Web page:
|2||Wegener's granulomatosis||10|| 0–39||13.6||−5.2||2.7||17.7||No (azathioprine)|
|3||Rheumatoid arthritis||12|| 0–34||7.5||1.3||1.5||6.3||Yes|
|4||Systemic lupus erythematosus||5|| 0–38||12.4||−4.0||4.5||9.0||No (azathioprine)|
|5||Ulcerative colitis||10|| 0–40||8.1||12.2||1.0||7.0||Yes|
|6||Hyperemesis gravidarum|| 30*|| 9–23||2.3||25.1||10.6||1.1||Yes|
|7||Asthma|| 40*|| 35–39||2.4||11.3||6.3||8.0||Yes|
|8||Asthma|| 40*|| 32–35||–||–||–||–||Yes|
|9||Polmorphous eruption of pregnancy|| 40*|| 38–39||8.7||1.8||–||–||Yes|
|10||Systemic lupus erythamatosus|| 40*|| 22–35||13.6||−4.5||–||–||Yes|
|11||Pemphigoid gestationalis|| 40*|| 37–41||2.8||21.1||6.3||5.6||Yes|
|12||Rheumatoid arthritis||Not known|| 0–38||1.5||7.9||5.9||−0.1||Yes|
The most common reason for not returning for follow up was inconvenience, due to many women living far from the hospital, but having booked at Queen Charlotte's because of the specialist medical clinic.
Cortisol assays were performed in duplicate in batches using a standard solid-phase RIA for plasma (DPC, Los Angeles, California), adjusted for salivary concentrations. Intra- and inter-assay coefficients of variation were 4.1% and 9.9%. Delta cortisol was defined as the post-vaccination minus the pre-vaccination level. Statistical analysis used SPSS 11 and GraphPad Prism 3.0. Non-parametric statistics were used throughout. All statistical analyses were two-tailed. P < 0.05 was taken to be statistically significant.
At four weeks, two months and four months, mothers were asked to complete questionnaires on infant feeding, the Edinburgh Postnatal Depression Scale (EPDS), Spielberger State and Trait anxiety questionnaires and the Bates questionnaire of negative infant behaviour. Infants were described as ‘predominantly’ breast-fed if they were breast-fed more than 50% of the time. Mother–infant interaction was examined at four months by video recording mother–infant pairs playing together in a standard well-validated setup. These tapes were reviewed and ranked by a trained observer, blind to patient details.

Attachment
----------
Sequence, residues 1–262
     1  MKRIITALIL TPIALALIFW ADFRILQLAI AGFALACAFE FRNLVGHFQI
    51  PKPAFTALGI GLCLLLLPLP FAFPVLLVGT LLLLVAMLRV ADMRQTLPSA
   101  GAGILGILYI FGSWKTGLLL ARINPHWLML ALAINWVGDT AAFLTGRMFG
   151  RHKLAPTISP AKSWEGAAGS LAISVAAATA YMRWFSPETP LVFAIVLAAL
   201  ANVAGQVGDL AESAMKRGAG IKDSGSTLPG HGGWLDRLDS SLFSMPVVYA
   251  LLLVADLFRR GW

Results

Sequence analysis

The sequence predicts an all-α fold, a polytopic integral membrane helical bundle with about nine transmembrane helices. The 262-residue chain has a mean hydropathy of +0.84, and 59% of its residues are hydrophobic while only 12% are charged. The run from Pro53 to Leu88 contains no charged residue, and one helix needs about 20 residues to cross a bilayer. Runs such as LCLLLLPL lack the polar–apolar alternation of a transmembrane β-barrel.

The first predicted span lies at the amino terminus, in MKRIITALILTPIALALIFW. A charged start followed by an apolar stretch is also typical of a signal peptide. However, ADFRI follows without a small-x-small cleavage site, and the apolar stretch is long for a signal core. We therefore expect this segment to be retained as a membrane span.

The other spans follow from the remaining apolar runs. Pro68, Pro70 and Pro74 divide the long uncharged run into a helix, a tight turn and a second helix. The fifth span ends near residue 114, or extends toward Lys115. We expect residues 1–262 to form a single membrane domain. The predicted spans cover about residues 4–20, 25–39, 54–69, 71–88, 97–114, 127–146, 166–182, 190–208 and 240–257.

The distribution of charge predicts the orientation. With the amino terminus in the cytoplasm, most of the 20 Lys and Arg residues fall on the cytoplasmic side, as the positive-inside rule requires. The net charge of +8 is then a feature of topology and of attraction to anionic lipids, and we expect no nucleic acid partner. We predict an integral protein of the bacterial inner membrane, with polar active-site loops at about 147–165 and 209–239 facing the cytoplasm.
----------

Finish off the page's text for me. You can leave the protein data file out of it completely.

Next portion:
A concurrent cohort of infants unexposed in utero to corticosteroids (uncomplicated, term, singleton pregnancies, n= 289), which were recruited sequentially to another study with identical follow up procedures, was used as controls. Exclusion criteria were delivery <36 weeks, birthweight <2500 g, known oligohydramnios or abnormal umbilical Doppler waveforms, antenatal corticosteroid treatment, moderate to severe pre-eclampsia or other maternal conditions that compromise fetal wellbeing.
The prednisolone dose varied between women and over time during any individual pregnancy, from 5 mg to a maximum of 40 mg. Length of treatment also varied; the median (range) was 24.5 (1 to 40) weeks (Table 1).
The prednisolone-treated (steroid cohort) (n= 20) and control cohorts (n= 289), were largely comparable. Median (range) age was 31.5 (21 to 44) years and 32 (18 to 45) years, respectively. Median parity was zero for both groups. All the controls were primiparous. However, although the steroid cohort was mainly primiparous, due to the small number of women taking prednisolone in pregnancy, multiparae were included. Therefore, in the steroid cohort, the range of parity was from 0 to 5. The steroid cohort was delivered earlier, median (range) 38 (32 to 41) weeks, compared with the control group, 40 (36 to 42) weeks (P= 0.0001, Mann–Whitney). Birthweight was lower in the steroid group, 3068 (2188 to 4180) g compared with 3412 (2074 to 4602) g in the control cohort (P < 0.02, Mann–Whitney). However, after correction for gestational age, there was no difference in birthweight between the two groups. A higher proportion of the steroid cohort were delivered by caesarean section (65%), compared with the control group (41%) (P= 0.04, Fisher's exact test). There were no differences between the two cohorts in any other indices examined. For the steroid cohort and control cohort, respectively, these were: sex of the baby (35% female and 50% female), head circumference [34 (32 to 39) cm and 34.5 (30 to 39) cm], arterial cord pH [7.29 (7.17 to 7.36) and 7.26 (6.96 to 7.40)], 1-minute Apgar score [9 (6 to 10) and 9 (4 to 10)] and meconium-stained amniotic fluid (25% and 21%).